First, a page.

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Is a Confidential or Fiduciary Relationship Automatically Found in the Context of a “Legal Relationship” or a “Family Relationship” in Tennessee?

Posted on Dec 8 2013 11:38PM by Attorney, Jason A. Lee

The Tennessee Court of Appeals decision of Tamala Teague v. Garnette Kidd, No. E2011-02363-COA-R3-CV, 2012 WL 5869637 (Tenn.Ct.App. 2012) discussed confidential relationships under Tennessee and what duties arise in such relationships.  This is important in the context of Tennessee estate law because often disputes arise about certain transactions around the time of death.  Claims of undue influence arise because of these transactions especially when one party has a power of attorney over an elderly individual. 

 

A confidential relationship is a relationship where confidence is placed by one in the other and the recipient of that confidence is the dominant personality, with the ability, because of that confidence, to influence and exercise dominion over the weaker or dominated party.  In general terms, it is any relationship that gives one person the ability to exercise dominion and control over another.  The burden of proof regarding a confidential relationship rests upon the party claiming the existence of such a relationship.  Confidential relationships can assume a variety of forms, and thus the courts have been hesitant to define precisely what a confidential relationship is.

 

Confidential relationships generally arise in two situations: (1) “legal relationships” and (2) “family and other relationships.”  In the “legal relationships” context, a confidential relationship arises when there is some legal connection between the dominant party and the weaker party, such as when a dominant party is granted a power of attorney.  Indeed, “a confidential relationship arises as a matter of law when an unrestricted power of attorney is granted to the dominant party.” Id. (emphasis added). In contrast, “[f]amily and other relationships” do not necessarily give rise to a confidential relationship per se; therefore, to establish a confidential relationship in this situation, contestants must prove the elements of “domination and control” in order to establish that the free will of the weaker party was destroyed and that the will of the dominant party was substituted.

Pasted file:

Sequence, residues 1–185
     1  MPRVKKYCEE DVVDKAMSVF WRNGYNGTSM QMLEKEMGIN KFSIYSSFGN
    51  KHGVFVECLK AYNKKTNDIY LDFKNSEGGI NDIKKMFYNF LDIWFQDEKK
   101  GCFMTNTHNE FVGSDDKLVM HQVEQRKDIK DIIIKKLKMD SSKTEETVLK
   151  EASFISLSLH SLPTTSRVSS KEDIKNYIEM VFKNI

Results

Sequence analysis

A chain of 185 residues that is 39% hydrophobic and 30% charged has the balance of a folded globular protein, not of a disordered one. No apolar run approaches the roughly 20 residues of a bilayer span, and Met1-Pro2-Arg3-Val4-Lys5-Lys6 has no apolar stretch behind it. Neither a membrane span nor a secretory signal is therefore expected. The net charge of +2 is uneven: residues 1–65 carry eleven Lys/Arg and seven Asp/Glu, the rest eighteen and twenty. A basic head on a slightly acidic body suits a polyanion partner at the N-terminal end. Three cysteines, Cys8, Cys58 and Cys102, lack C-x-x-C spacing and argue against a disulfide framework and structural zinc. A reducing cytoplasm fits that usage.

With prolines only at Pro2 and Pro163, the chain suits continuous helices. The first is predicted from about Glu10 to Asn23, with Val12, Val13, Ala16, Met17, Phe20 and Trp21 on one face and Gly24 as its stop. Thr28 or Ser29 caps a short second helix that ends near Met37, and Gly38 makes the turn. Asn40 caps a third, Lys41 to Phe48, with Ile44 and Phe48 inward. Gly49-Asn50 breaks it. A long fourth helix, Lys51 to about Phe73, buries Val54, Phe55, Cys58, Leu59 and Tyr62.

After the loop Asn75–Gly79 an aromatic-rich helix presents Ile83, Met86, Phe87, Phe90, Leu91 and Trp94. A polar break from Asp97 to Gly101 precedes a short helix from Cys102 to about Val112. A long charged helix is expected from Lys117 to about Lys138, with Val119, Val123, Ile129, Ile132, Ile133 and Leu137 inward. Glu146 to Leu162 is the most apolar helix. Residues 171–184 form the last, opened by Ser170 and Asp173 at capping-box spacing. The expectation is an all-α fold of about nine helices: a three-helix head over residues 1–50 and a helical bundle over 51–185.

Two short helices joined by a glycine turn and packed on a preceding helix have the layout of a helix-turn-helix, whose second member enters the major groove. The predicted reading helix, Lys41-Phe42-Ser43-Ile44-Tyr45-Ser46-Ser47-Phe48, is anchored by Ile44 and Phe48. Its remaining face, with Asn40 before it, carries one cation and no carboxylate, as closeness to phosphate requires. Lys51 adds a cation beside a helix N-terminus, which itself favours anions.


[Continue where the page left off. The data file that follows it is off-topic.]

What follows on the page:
Teague at 8 (citations omitted). 


LEGAL RELATIONSHIP:


As a result, when one is in a "legal relationship" - which often is a "fiduciary relationship" - then there are many duties that automatically apply to that relationship.  This can happen when a power of attorney is provided to an attorney-in-fact.  The Teague decision provide helpful guidance on this relationship as follows:

 

The execution and exercise of a power of attorney establishes a fiduciary relationship between the attorney-in-fact and the grantor of the power.  The fiduciary is obligated to deal with the property of his [or her] principal in the utmost good faith.  The duties of loyalty and honesty are also a part of a fiduciary's obligation.  In Tennessee, a presumption of undue influence arises when the dominant party in a fiduciary relationship receives a benefit from the other party.  This presumption may be rebutted only by clear and convincing evidence of the fairness of the transaction.

 

Teague at 7 (citations omitted).  As a result, when someone has a legal relationship with someone, such as when they are a power of attorney for another individual, any action that benefits the dominant party is presumed to be completed with undue influence.  Gifts to a person holding and exercising a power of attorney are one of the most common causes of undue influence litigation.


FAMILY RELATIONSHIP:

 

How is a simple family relationship considered in the context of gifts and other transactions?  Think about the situation where a daughter receives a large gift from her elderly father.  Is that automatically presumed to be a gift made out of undue influence?  A familiar relationship can constitute a "confidential relationship" to arise, however it is not automatic like when a legal relationship exists.  In order to find a "confidential relationship" the key element is whether there was an excise of "domination and control" wh